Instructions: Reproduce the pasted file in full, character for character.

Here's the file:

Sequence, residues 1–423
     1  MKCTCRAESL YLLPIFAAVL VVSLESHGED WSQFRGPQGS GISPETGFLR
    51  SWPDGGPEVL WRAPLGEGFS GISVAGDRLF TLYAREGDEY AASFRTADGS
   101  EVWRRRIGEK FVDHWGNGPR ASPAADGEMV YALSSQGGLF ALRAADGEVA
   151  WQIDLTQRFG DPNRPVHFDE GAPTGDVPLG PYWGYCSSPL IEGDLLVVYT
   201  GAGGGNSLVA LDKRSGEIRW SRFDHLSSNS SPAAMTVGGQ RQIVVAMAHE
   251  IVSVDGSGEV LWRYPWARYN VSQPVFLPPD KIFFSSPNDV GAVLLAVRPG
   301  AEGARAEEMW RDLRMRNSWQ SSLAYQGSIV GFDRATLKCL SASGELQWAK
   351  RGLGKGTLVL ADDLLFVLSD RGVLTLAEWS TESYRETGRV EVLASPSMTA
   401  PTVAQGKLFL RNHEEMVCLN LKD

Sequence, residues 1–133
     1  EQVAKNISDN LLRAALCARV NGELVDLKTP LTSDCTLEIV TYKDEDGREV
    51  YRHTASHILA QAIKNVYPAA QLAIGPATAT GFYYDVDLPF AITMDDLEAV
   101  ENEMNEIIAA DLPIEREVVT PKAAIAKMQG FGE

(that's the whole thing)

Sequence, residues 1–423
     1  MKCTCRAESL YLLPIFAAVL VVSLESHGED WSQFRGPQGS GISPETGFLR
    51  SWPDGGPEVL WRAPLGEGFS GISVAGDRLF TLYAREGDEY AASFRTADGS
   101  EVWRRRIGEK FVDHWGNGPR ASPAADGEMV YALSSQGGLF ALRAADGEVA
   151  WQIDLTQRFG DPNRPVHFDE GAPTGDVPLG PYWGYCSSPL IEGDLLVVYT
   201  GAGGGNSLVA LDKRSGEIRW SRFDHLSSNS SPAAMTVGGQ RQIVVAMAHE
   251  IVSVDGSGEV LWRYPWARYN VSQPVFLPPD KIFFSSPNDV GAVLLAVRPG
   301  AEGARAEEMW RDLRMRNSWQ SSLAYQGSIV GFDRATLKCL SASGELQWAK
   351  RGLGKGTLVL ADDLLFVLSD RGVLTLAEWS TESYRETGRV EVLASPSMTA
   401  PTVAQGKLFL RNHEEMVCLN LKD

Sequence, residues 1–133
     1  EQVAKNISDN LLRAALCARV NGELVDLKTP LTSDCTLEIV TYKDEDGREV
    51  YRHTASHILA QAIKNVYPAA QLAIGPATAT GFYYDVDLPF AITMDDLEAV
   101  ENEMNEIIAA DLPIEREVVT PKAAIAKMQG FGE